How to Change a Fuse in Christmas Lights
If you have an older string of holiday lights that won’t turn on at all, you might be able to blame the fuse. This is so common a malfunction that many holiday light kits come with a replacement fuse. If your kit didn’t, or if you’ve long since lost the replacement, it’s possible to buy a set of replacement fuses.
Learning how to change a fuse in Christmas lights is easy—there’s no need for a solderer or special tools. The fuses hide in the male-side plug behind a small sliding door. To change a fuse in Christmas lights, first unplug the string of lights from the outlet. Then simply slide open the little door on the plug, carefully remove the old fuse with a small screwdriver, and then insert the new one.
Lights Won’t Stay On? Use a Splitter
Christmas lights are tailor-made to be strung together, but if you link too many in a chain, all of that holiday spirit can overwhelm your electrical outlet. If you suspect overzealousness may be the root of the issue you’re facing, try dividing the lights among two or more outlets.
Another option is to purchase a holiday light splitter, a handy accessory that evenly distributes electrical current. A splitter enables you to add more strings to your holiday display when you don’t have multiple outlets.
Fixing Flickering Christmas Lights
If your lights are flickering, the electrical outlet may not be able to handle the wattage demands of your design. Have a look in your breaker box and check the amp capacity for the outlet in question. Your maximum wattage is the amp value shown, multiplied by the number of outlet volts. If you have, in fact, maxed out the juice on your outlet, cut back your display, or supplement it with solar-powered Christmas lights. Solar lights require zero electricity, so you can use as many strings as you like.
Caring for Your Christmas Lights
By the end of the holiday season, Christmas lights go from harbingers of cheer to a chore to clean up. If you want to avoid damaging your lights while putting them away, follow these tips:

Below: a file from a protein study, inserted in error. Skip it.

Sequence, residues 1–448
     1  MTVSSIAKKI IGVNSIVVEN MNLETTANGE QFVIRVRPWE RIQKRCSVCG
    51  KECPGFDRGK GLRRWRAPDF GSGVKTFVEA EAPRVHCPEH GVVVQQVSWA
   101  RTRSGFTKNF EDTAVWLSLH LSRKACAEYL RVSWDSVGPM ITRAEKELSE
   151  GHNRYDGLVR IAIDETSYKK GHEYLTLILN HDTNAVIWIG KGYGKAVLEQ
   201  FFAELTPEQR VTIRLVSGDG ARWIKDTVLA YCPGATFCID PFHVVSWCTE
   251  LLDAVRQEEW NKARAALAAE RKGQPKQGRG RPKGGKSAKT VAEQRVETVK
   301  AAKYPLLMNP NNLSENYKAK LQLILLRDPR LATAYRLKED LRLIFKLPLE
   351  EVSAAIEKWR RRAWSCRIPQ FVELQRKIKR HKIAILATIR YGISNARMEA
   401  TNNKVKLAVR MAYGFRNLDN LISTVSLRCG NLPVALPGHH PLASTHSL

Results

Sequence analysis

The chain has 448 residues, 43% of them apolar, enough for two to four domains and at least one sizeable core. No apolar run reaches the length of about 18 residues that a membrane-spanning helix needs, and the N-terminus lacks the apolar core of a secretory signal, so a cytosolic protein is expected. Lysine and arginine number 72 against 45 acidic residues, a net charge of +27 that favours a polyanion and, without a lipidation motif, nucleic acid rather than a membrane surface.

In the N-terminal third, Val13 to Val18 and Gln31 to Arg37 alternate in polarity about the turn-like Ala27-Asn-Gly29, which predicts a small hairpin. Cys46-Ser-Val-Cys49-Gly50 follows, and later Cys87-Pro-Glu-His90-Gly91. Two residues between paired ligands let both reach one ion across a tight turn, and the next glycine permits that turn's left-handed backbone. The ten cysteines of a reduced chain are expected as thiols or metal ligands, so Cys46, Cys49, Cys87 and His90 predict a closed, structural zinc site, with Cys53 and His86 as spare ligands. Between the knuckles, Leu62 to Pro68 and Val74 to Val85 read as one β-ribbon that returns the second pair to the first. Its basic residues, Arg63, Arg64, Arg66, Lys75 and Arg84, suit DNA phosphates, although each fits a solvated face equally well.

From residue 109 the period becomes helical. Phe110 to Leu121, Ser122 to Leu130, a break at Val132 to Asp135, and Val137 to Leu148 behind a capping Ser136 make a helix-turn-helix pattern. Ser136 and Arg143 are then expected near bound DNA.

- Save the boxes and reuse them at the end of the season to protect the individual strands.
- Don’t wrap Christmas lights into tight balls. Instead, purchase a Christmas light reel to keep them organized.
- Use plastic light hangers instead of staples when attaching lights to your walls or siding. Staples can pinch wires and cause future issues, and they’re harder to remove.
Proper Usage And Care of Christmas Lights During the Holiday Season
Unlike fixing Christmas lights, maintaining them is pretty straightforward.
Be sure that you’re using the right types of Christmas lights light for the situation. For instance, indoor-rated lights aren’t weather resistant and can’t take the cold temperatures of outdoor applications. Outdoor lights will work indoors but they’re more expensive, so use indoor lights inside and outdoor lights outside.
All lights, regardless of the type, get warmer the longer they’re on. For that reason it’s best not to leave holiday lights on all day or overnight, regardless of whether it’s indoors or out. Utilizing a timer or a smart plug with a programmable app will help moderate usage. Also, be sure to keep the Christmas tree well watered to prevent it from becoming a safety hazard.